How to: Get rid of the nofollow attribute on your WordPress blog

Wordpress, like many other blog engines, uses the rel="nofollow" attribute in comments for the so-called fight against spam. If this was a good idea, it is totally ineffective, and in addition, a link with this attribute will not receive any credit by Google when they rank websites. It is therefore clearly in the interest of bloggers to get rid of rel="nofollow" attribute.


The little history of nofollow

The rel=”nofollow” attribute was introduced back in 2005 by Google. The idea behind this concept was that if a link would not affect Google, spammers stop their harmful activities. If the idea was excellent , any blogger still receive dozens of spam comments daily.

If you own a WordPress blog, there’s a strong chance that the links in the comments are nofollow. Does this prevents spammers to try to post their links for Rolex and Viagra? Certainly not.

Moreover, when one of your readers leaves a comment on your blog, if he has a website, he’ll probably fill the url field and make a link to his own blog. But as the link does have a rel=”nofollow” attribute, it will not receive any credit by Google when they rank websites.

Of course, you leave a comment on a blog when you have something interesting to say, not just because you want to have more backlinks and a higher pagerank.
However, I think that when a reader writes an appropriate comment on my blog, he really deserves that his link should be counted as a backlink, and provide him – on the long term – a higher pagerank.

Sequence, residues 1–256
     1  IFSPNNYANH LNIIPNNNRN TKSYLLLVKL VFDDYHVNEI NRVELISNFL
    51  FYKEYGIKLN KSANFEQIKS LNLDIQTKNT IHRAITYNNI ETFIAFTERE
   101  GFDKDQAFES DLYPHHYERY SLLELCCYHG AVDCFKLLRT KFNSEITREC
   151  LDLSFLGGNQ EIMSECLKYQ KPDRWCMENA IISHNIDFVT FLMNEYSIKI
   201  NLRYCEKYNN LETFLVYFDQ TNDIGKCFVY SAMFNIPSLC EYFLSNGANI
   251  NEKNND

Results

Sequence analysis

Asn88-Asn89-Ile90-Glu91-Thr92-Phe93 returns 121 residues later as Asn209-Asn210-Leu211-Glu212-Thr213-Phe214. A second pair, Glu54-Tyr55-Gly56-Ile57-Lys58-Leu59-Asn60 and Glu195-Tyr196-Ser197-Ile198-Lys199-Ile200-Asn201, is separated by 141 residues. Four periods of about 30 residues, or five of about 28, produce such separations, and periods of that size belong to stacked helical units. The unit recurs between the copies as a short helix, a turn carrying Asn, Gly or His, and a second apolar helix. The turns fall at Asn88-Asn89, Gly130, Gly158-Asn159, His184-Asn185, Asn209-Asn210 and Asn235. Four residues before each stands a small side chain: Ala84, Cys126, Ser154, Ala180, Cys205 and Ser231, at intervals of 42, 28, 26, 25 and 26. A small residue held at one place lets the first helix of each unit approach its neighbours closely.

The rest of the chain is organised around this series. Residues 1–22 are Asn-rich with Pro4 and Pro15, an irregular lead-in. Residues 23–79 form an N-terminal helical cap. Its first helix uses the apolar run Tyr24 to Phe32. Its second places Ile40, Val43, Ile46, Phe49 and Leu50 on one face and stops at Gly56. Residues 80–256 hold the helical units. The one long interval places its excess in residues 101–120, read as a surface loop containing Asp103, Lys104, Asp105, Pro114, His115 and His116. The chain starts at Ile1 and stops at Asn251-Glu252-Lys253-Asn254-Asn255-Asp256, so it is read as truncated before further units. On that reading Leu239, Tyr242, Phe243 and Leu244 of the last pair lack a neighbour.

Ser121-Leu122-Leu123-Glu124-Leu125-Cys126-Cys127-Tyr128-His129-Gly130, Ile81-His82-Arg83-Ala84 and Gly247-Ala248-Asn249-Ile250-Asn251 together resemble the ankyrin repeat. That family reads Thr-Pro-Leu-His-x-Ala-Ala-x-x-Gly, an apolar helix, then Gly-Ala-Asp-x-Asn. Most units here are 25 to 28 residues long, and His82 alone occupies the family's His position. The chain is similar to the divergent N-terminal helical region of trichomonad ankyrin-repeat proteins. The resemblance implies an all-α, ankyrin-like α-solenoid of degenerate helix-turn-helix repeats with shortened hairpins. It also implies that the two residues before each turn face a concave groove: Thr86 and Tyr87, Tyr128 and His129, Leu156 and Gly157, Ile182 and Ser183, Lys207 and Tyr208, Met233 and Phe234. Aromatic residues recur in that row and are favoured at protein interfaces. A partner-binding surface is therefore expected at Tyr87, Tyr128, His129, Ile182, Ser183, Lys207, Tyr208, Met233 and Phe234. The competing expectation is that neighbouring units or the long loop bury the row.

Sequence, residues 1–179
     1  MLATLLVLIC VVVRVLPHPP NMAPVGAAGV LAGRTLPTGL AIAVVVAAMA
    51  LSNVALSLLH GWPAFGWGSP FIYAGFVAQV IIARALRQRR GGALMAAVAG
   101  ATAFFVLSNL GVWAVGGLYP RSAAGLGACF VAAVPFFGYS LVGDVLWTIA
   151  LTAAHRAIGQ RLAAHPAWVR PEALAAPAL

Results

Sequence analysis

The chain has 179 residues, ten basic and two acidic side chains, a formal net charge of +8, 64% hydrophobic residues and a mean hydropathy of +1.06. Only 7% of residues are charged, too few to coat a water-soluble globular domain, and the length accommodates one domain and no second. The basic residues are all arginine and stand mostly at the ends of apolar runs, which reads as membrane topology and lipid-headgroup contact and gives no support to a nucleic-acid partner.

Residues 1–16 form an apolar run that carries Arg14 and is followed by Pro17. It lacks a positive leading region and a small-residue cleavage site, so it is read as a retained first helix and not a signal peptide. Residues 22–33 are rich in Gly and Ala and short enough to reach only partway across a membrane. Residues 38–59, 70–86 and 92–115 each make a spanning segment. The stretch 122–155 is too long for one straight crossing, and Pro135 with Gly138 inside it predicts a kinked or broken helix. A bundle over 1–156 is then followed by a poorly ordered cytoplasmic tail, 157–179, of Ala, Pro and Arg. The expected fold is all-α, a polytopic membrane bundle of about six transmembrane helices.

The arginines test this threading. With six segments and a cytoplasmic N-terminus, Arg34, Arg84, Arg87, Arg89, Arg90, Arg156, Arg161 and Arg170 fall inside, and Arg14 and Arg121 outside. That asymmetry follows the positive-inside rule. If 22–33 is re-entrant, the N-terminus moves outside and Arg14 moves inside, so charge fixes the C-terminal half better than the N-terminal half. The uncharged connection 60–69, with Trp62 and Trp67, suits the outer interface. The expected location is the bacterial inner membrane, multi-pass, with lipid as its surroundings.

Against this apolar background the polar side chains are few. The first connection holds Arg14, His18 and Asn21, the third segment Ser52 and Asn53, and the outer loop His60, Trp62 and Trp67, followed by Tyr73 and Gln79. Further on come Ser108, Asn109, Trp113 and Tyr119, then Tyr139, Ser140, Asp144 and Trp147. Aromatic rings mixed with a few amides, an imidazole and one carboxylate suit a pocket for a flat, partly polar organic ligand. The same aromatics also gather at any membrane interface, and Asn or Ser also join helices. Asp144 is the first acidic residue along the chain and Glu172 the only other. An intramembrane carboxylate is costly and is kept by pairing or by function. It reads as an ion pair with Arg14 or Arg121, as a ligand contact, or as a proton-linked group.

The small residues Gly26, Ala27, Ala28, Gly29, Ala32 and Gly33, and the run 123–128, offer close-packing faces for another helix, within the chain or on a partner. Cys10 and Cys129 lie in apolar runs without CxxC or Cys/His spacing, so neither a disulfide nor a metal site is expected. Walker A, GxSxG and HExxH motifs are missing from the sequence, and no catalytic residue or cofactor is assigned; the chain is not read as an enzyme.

So, CatsWhoCode.com is a 100% dofollow blog. Any url on this website is counted by Google as a backlink. No nofollow either on my personal weblog.

How to: Get rid of the nofollow attribute on your WordPress blog

Time to follow

You’re convinced of the interest of turning off the rel=”nofollow” attribute and you own a blog running WordPress? Here’s two ways to get rid of this non SEO-Friendly attribute:

Editing WordPress core:

Modifiying WordPress core is generally not recommended. However, this solution is kinda easy to implement if you don’t want to install another plugin. The biggest drawback of this technique is that after you upgraded WordPress, you must restart the operation.

To get rid of the attribute rel=”nofollow” directly in the code of WordPress, proceed as follows:
Edit the file-how template.php, it resides in the wp-includes directory.
Go to line 48. You should see this:

$return = "<a href='$url' rel='external nofollow'>$author</a>";

Then, you just have to delete the nofollow:

$return = "<a href='$url' rel='external'>$author</a>";

Just save the file, and you’re done.

Using a dedicated plugin:

There are several plugins WordPress that will work for you. The advantage of a plugin is that you’ll not need to modify WordPress core, and after you upgrade your WordPress version, you’ll just have to reactivate the plugin to re-delete the nofollow.

If a plugin is what you chose (good choice!), DoFollow 4.0 and Nofollow Free are both very good in my opinion. They’re super easy to install: Just download the file on the author’s site, upload it to your wp-content/plugins directory, activate it, and bye bye nofollow.

After you deleted the rel=”nofollow” from your blog, don’t hesitate to claim it! On my personal blog, I received more interesting comments after saying goodbye to this useless attribute.

Happy dofollow blogging 😉